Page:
By Kathleen Jones, The Quirky Novelist. Please sign up for free updates at http://eepurl.com/ceSobT
As I entered my 50s and as the economy began to tank (perfect timing!), I became aware of one scary new reality: my days in the paid workforce were probably numbered. All around me, people my age were being forced out of their jobs, which were being turned into poorly-paying part-time gigs or outsourced to lower-wage countries. And, thanks to age discrimination, many of these same people, even the best-educated ones, had a hard time finding a new job, especially one that paid as well as their old one. All too often, these discouraged workers found themselves giving up their quest for employment and retiring early.
And when these middle-aged people—too young to draw a pension—become unemployed long-term and their benefits run out, they lose access to a steady income. That means, of course, that their ability to spend money is limited, and they need to “make do” with that they already have.
Sure enough, my own job gradually become more precarious, thanks to a company reorganization and, a few years later, the sale of the division I worked for. Faced with this difficult new reality, I began planning for the day when I, too, would need to “make do”. In other words, I limited my clothing purchases to items that I could wear not only right away, but long into my retirement years. I began to hoard clothing!
Now that I’m retired, I’m glad I made the choice to become a hoarder. There’s very little that I need to buy—basically, only replacement pieces—and my wardrobe will look good and serve me well for years to come. Most importantly, I don’t have the stress of needing to buy new clothing on a limited budget.
If you’re over 50 and would like to try my rather unorthodox strategy, here are some suggestions:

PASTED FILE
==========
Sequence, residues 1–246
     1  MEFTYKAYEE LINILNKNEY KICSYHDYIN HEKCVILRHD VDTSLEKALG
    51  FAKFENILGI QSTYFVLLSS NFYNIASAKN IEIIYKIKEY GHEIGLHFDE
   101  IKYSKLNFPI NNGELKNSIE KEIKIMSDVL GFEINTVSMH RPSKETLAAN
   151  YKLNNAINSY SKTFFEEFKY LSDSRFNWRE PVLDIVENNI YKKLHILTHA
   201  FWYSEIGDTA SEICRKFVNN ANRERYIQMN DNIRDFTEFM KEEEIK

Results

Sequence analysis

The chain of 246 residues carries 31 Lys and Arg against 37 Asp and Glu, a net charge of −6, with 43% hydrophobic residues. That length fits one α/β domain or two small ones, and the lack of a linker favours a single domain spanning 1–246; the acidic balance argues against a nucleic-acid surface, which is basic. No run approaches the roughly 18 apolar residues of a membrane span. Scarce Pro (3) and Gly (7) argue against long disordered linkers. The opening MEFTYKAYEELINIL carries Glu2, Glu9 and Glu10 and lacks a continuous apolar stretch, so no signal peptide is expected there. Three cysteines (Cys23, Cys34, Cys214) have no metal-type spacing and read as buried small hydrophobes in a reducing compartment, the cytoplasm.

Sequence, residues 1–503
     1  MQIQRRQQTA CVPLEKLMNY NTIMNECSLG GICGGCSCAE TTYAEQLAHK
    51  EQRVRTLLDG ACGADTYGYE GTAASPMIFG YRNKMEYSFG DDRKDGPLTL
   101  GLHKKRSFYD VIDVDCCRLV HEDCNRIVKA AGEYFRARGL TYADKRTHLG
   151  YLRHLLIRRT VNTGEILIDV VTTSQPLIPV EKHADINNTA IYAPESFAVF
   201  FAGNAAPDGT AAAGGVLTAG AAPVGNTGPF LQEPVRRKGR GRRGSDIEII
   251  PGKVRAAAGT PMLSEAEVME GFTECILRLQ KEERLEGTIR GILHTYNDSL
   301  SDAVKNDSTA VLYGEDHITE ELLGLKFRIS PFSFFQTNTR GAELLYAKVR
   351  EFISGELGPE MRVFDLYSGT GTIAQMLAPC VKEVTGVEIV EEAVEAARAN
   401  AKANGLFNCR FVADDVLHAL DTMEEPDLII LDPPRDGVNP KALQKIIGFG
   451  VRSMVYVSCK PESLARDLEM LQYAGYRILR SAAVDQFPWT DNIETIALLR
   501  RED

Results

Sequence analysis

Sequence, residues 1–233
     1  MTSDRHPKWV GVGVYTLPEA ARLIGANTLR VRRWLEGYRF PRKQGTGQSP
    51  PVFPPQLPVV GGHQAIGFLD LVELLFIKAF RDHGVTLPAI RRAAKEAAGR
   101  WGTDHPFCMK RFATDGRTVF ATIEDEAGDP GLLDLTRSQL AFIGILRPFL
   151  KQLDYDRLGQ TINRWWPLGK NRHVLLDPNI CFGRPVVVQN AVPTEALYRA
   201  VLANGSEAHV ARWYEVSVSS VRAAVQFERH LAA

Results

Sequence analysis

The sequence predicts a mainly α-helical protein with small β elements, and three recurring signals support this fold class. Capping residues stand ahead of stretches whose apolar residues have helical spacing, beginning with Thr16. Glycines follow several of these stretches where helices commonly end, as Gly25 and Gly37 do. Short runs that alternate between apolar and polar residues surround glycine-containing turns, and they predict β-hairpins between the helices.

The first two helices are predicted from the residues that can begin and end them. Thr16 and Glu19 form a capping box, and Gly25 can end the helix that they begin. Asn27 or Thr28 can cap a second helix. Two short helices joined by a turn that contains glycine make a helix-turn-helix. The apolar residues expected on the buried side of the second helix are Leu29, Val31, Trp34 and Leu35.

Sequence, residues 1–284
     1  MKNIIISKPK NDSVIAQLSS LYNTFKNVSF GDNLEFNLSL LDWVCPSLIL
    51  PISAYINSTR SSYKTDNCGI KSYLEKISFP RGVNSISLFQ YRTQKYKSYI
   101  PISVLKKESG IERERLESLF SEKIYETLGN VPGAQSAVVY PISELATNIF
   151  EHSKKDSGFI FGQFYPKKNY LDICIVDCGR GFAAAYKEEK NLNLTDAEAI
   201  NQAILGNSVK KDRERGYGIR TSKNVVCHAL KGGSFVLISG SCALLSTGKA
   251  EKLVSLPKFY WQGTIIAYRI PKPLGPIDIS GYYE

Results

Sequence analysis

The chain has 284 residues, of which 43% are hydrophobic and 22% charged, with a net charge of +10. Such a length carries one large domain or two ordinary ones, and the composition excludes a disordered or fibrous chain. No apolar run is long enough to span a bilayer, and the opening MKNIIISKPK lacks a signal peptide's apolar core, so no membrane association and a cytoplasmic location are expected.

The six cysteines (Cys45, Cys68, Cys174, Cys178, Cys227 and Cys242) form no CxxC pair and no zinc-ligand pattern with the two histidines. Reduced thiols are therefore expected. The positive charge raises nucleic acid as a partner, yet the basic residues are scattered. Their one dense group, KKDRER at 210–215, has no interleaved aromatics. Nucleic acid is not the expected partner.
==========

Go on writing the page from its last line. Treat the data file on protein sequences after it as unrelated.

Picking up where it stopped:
- Choose one theme for your wardrobe. This could be either an established style (romantic, classic, sporty, etc.) or an original style devised by you. In my case, I have combined tailored 1940’s to 1960’s pieces (and recreations of them) with preppy modern classics to create my own “preppy vintage” style.
- Choose a style that never or rarely dates; that way, you’ll never again need to replace an entire wardrobe.
- Look for versatile clothing that can be combined with a lot of other pieces and worn almost anywhere, such as a simple dress in a good wool, a fitted shirt in a cotton sateen, a cashmere twinset in a brilliant colour. But also look for interesting “statement pieces”, such as a pencil skirt in leather or a silk blouse in a rich print.
- Stick with one silhouette (e.g., fitted all over, fitted and flared, etc.) and choose one or two styles for each type of clothing within that silhouette. For example, fitted hip-length jackets, collared shirts and pullovers, slim pants.
- Stick with classic pieces unless the trendy item you’ve fallen in love with fits into your style and can become a long-term (5-10 year) part of your wardrobe. In my case, I purchased a couple of trendy items—a jumpsuit and culottes—in the knowledge that they would fit perfectly into my retro-themed wardrobe.
- Narrow your palette to three to six fashion colors (plus neutrals) per season.
- Narrow your shopping to a few brands that offer similar clothing.
- Choose clothing in natural fabrics, such as wool, cotton, silk, and linen. Clothing in synthetic fabrics wears out quickly and is uncomfortable to wear.
- Only buy quality clothing, even if you have to buy some or all of it on sale.
- But don’t bother with clothing sales unless you know exactly what you want before the sale begins. Too often, women end up buying marked-down clothing that they never wear only because of the reduced price. If possible, try on the clothing in the store before it goes on sale just to make sure that you really want it. Then keep your eye peeled for sales (either by checking the store’s website or by getting on its mailing list) and grab the item once it’s marked down.
- Buy less clothing and try to make every purchase count.
- Obey the 5-10 year rule: never buy a piece of clothing at any price unless you can see yourself wearing it for 5-10 years.
- Once you’ve established your wardrobe, only purchase replacement pieces.
- Make sure all of your clothing fits perfectly; if it doesn’t, take it to a tailor.
Do you have any ideas for building a “retirement wardrobe”? Feel free to post your comments.
Kathleen Jones’ first novel, a midlife comic romance set in the world of stand-up comedy, will be published in the spring of 2018 by Moonshine Cove Publishing, LLC. Visit Kathleen Jones, The Quirky Novelist, online at https://kathleenjones.org/ or on Twitter at https://twitter.com/joneslepidas and sign up for free updates at http://eepurl.com/ceSobT
Photo credit: Enchantée Closet via photopin (license)